Why the tax rate doesn't matter at all

Lot’s of discussions in IP involve tax rates, especially income tax and corporate tax rates, in the US. Arguments about why a tax is too high or too low and how changing it one way or the other will have this positive or negative effect on people’s livelihood and the economy. But I’m here to tell you that the actual rate doesn’t matter in the US. More specifically, shouting about 90% tax rates being too high or 5% tax rates being too low are red herring arguments, except for the special cases of the extremely wealthy who have the ability to move to another country with a lower rate and still maintain their gross income. The only things that matter are:

  1. How much money an individual or family has left over after taxes to spend, and what they can buy with that amount
  2. How much money a company has left over after taxes on revenue or profit to spend, and what they can get for that
  3. How fast you plan to change the tax rate in economic proposals

Many European countries have very high top and middle income tax rates, but they provide more and higher quality consistent services, and there is still enough left over for the individual to enjoy life. Many third-world countries have low income tax rates, but they provide fewer and poor quality services, and there’s still not enough left over for large parts of the population to eke a living. That’s not to say that third world countries should increase their income tax rates - there’s not enough money in the majority of their population to get much more anyway.

Because the US is a fairly open market with respect to the ability to enter a market and start a business and compete, and because it’s a huge market with huge disposable income (including credit for poor and middle income individuals), and with a hugely spending government, b[/b] there will ALWAYS be businesses willing to do business in the US, both domestic and foreign, regardless of the tax rate, be it 5% of corporate profits or 50% (of domestic earnings of course). That’s even the case if the government “cuts back” - they still pay out hundreds of billions and they’ll still be providing tons of services to 300+ million people. That’s even as credit tightens on individuals. b[/b] It is frivolous to argue the economic theory that “companies just won’t produce” or “companies will just leave the market or leave the US”. That might only happen when there are sharp and uneven changes to the taxes they pay, and even then, the gap in service and products would be filled once the new rates settle down.

The government needs X dollars in a given year to pay its bills. Since it’s not a socialist government “controlling the means of production” (not directly anyway), the US government is not producing goods and it is not meant to produce a profit or really sell services or products at all (though it does to an extent). The government MUST pay for itself with taxes. So if it needs X dollars in a year, it must tax for those X dollars, or borrow on the rest. Obviously this is the ideal case, and a million other things are going on, but that’s the basic method. Those X dollars can not come from the poorer income individuals - there’s little money there to take - and it can not come much from the smaller businesses or the poorer performing businesses - again, no money there. b[/b] The money MUST come from high and middle income individuals and from profit-making corporations - and trade duties, which are essentially taxes on the businesses and on the cost passed on to consumers. b[/b] The actual % needed is not relevant, that money MUST be taxed, or else services must be cut or debt must be increased. b[/b] I realize that most conservatives and libertarians argue for just that - cutting services - but they also call for reducing taxes, when the US is not only hugely in debt, but the services they propose cutting are not usually the big dollar items, they’re usually the hot button social issues in the so-called “discretionary” items. Which is why the arguments for cutting “welfare” services (which at their peak were $29 billion a year and over 1/2 of the recipients were children) b[/b] is political grandstanding and has nothing to do with cutting the budget and the debt in any meaningful way.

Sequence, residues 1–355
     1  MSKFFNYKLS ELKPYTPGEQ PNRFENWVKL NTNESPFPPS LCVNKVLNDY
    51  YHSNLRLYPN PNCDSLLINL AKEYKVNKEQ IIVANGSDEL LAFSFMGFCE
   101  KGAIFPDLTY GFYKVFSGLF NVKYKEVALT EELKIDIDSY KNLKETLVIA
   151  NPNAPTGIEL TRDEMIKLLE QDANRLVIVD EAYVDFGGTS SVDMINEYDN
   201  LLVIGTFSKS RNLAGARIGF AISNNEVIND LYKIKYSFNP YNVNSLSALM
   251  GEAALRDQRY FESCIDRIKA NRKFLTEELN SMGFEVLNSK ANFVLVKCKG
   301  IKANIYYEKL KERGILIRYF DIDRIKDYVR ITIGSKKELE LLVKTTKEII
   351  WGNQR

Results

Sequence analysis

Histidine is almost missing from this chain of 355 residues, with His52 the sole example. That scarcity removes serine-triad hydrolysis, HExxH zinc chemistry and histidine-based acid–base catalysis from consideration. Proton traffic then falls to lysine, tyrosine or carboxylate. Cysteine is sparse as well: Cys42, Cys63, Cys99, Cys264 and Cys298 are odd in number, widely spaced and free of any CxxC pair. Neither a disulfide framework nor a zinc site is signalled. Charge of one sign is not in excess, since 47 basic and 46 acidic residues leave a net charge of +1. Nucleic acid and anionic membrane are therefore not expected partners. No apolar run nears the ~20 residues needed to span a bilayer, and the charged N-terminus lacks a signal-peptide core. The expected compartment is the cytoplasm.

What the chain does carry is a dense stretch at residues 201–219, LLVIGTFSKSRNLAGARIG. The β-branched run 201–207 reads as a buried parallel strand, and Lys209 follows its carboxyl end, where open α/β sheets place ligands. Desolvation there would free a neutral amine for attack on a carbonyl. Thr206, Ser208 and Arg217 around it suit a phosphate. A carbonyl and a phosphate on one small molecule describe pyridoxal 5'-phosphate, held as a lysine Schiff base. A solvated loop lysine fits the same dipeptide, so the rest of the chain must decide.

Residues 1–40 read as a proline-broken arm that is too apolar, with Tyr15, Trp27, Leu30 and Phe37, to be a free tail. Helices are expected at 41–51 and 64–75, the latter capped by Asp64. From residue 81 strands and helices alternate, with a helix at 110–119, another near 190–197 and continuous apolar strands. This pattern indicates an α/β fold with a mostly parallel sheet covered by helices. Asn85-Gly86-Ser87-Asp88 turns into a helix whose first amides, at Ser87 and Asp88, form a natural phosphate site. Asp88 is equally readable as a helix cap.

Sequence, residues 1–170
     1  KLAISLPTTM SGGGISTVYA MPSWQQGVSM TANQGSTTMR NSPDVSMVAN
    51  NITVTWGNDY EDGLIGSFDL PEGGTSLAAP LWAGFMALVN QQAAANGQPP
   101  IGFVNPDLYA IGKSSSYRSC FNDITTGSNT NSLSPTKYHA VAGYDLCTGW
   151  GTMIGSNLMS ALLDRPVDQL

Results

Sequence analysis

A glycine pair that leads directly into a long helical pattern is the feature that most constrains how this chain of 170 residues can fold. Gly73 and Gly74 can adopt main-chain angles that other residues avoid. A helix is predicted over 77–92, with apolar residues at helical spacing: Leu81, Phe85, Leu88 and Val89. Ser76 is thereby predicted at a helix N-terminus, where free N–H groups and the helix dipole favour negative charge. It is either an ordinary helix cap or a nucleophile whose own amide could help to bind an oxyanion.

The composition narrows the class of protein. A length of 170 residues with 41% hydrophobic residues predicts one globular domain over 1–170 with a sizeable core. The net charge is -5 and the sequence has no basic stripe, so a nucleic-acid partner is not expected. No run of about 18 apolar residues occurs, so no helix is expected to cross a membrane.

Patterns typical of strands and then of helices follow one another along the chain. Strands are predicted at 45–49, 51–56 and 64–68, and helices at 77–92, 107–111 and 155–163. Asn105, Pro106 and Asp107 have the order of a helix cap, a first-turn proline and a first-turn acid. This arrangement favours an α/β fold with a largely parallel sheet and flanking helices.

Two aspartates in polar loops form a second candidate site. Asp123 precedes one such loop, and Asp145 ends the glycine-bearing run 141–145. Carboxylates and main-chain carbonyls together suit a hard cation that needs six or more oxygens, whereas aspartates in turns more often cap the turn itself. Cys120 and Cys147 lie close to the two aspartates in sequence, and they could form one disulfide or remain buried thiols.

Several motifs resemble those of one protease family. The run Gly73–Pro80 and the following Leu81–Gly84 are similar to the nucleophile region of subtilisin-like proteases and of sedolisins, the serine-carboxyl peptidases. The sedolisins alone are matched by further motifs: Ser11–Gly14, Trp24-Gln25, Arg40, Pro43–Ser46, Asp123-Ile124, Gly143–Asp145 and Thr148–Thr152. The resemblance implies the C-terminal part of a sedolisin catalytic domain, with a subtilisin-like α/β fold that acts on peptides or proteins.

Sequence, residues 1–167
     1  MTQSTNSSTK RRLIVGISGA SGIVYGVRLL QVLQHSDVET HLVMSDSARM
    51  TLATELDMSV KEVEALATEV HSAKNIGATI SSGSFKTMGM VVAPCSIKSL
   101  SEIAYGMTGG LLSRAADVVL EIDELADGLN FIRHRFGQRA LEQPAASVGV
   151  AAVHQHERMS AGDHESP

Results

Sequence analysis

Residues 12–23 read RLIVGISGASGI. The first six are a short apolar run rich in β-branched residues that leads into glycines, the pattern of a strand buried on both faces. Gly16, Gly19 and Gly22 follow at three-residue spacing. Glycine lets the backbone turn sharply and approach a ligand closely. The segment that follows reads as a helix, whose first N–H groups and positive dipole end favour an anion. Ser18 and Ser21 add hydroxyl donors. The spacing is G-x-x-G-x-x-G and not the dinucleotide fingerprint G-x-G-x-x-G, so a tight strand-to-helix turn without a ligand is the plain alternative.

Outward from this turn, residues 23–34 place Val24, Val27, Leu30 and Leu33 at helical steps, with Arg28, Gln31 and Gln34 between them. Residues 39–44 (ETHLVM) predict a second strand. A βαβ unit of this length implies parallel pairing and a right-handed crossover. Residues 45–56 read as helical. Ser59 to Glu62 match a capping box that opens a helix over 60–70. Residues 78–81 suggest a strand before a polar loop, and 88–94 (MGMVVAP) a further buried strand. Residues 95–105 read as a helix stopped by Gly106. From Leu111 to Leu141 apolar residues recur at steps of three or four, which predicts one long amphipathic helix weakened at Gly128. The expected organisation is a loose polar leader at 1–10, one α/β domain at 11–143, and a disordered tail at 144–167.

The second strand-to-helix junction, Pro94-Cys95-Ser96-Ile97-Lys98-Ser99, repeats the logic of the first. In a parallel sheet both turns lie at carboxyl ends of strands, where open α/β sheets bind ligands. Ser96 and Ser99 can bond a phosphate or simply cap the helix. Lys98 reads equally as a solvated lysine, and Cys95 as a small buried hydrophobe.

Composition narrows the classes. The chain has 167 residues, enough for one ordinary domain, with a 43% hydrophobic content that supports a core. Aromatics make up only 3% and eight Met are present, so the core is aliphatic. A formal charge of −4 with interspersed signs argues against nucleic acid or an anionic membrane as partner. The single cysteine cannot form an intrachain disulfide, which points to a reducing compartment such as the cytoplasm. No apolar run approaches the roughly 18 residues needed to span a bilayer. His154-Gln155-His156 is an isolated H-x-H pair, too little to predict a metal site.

Again, the % is not relevant. What is relevant, especially to the individual and the local communities (which is what the average person sees and feels everyday (not the millions and the travel the wealthy person sees), b[/b] is how much they can spend with whatever they have left over. These people, if they were to vote on their actual situation, and not vote on some imaginary, unlikely to happen dream (“The American Dream” in which all can become wealthy through hard work and luck), b[/b] would ALWAYS vote to increase taxes on the incomes of the wealthy, possibly on the wealth itself - and increase taxes on the profits well-performing corporations, when the government needs to increase taxes.

What is relevant when implementing tax policy, b[/b] is how fast you change the rate relative to the changes in the economy. Increasing taxes too fast does not provide people and corporations time to adjust to the reduced disposable income, and decreasing taxes too fast on the middle and lower incomes can produce a high rate of inflation. Measured, constant, but guaranteed changes (i.e. locked in and not subject to the whims of the next congress or administration) are the way to go.

As Dennis Miller used to say when he was on the side of righteousness (i.e. a liberal), “But that’s just my opinion, I could be wrong”.